If there has been one silver lining of a massive, life altering pandemic forcing us all to stay home, it may be the other pandemic that it placed on hold. Simply by virtue of schools being closed, the coronavirus pandemic has ushered in the longest period without school shootings in the United States in decades. Although our current torment consumes much of our thought, it’s worthwhile to remember the trauma it temporarily alleviated. Fran Kranz’ Mass is a bruising reminder.
When news comes down of another tragic shooting at a school, the predictably vicious pattern is set in motion. First comes the outpouring of sympathy and sorrow. Out of the initial shock comes a wave of activism and an inevitable political tug of war. What happens next may be the most tragic of all; people move on. Sometimes the news cycle latches onto some Hollywood or Washington scandal, too often it’s consumed by coverage of another mass shooting. Whatever the reason, once the cameras recede and the eyes of America are captivated by something else — far too often another shooting — what’s left behind are the families, shattered and broken without the luxury of moving on.
Isolation is where these families are left, and isolation is where we begin in Mass, the directorial debut of actor Fran Kranz. A quiet church is frantically being prepared to host a meeting between one set of parents whose son was killed in a school shooting (played by Jason Isaacs and Martha Plimpton) and another set whose son pulled the trigger (Reed Birney and Ann Dowd.) Set an unclear number of years after the events that violently altered the course of each of their lives, the families are in an impossible search for some sort of closure and comprehension of what happened and why.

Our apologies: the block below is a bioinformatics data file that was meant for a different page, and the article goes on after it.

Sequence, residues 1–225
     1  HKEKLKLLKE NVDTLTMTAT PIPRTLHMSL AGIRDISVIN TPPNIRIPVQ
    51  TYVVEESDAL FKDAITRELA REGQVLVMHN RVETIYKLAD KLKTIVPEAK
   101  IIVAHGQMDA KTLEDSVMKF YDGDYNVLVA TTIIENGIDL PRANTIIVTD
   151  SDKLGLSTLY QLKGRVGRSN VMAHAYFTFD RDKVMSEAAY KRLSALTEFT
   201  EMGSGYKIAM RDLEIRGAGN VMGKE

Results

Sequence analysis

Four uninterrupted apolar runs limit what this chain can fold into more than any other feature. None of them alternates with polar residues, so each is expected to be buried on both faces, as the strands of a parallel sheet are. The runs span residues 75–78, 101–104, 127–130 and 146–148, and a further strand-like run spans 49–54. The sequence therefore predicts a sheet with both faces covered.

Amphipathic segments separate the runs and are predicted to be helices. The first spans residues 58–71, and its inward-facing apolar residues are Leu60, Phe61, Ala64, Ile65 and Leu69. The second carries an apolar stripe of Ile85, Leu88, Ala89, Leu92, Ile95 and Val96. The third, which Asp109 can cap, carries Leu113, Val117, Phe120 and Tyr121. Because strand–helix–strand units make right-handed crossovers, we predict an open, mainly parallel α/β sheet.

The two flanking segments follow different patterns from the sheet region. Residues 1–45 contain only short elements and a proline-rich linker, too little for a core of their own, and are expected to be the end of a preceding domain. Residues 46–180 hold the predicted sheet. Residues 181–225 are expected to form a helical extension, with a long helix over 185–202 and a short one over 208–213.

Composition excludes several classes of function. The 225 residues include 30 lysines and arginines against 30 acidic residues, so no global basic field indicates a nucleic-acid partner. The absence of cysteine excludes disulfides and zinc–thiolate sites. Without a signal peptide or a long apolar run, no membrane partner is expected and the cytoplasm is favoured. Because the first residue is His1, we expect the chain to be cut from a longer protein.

By nature this is an intimate film, so much so that you’d be forgiven for thinking that it’s a stage adaptation. Most of Mass takes place of just one room, a small space that hosts one conversation between four parents attempting to talk through their entrenched pain. Each carries with them the ghost of a child torn from them too soon and that pain only serves to tighten the confines of the film.
Given its confined nature, much of Mass relies on on its stellar script to relay the depth of an inherently emotional premise. The conversation at the film’s core tracks closely to the stages of grief, not only on the part of the victim’s parents, but the shooter’s as well. Their awkward introductions morph into expressions of remorse, fiery exchanges of rage and muted hopes for healing.
Of course, a script is just words on a page, waiting to be delivered and with a movie as talky as Mass, action is doubly important. All four leads are given at least one big moment, suitable for an Oscar reel. More than that though, each is quietly convincing in their smaller moments too. Isaacs as the victim’s father and Dowd as the shooter’s mother especially deliver tear jerking moments.
Taken in its entirety, what Mass does is tenderly encapsulate the pain and grief left in the wake of mass shootings. Although Isaacs character makes one impassioned and cogent case for gun control early, the politics of mass shootings are mostly below the surface. The film can be subtle like that because it’s all internalized within the pain these families are still faced with years on. While the country can keep moving on to the next story, for these four it’s not just a story to move on from.
Like many films that dazzle at Sundance, Mass finds its way to a conclusion that feels just a bit too neat and tidy. Without spoilers, that clean ending feels a bit out of place for a film grappling with such messy situations. Ultimately though, it’s better to have those final scenes uplift than disappoint or completely derail and Mass does end up delivering on its well intentioned premise 8/10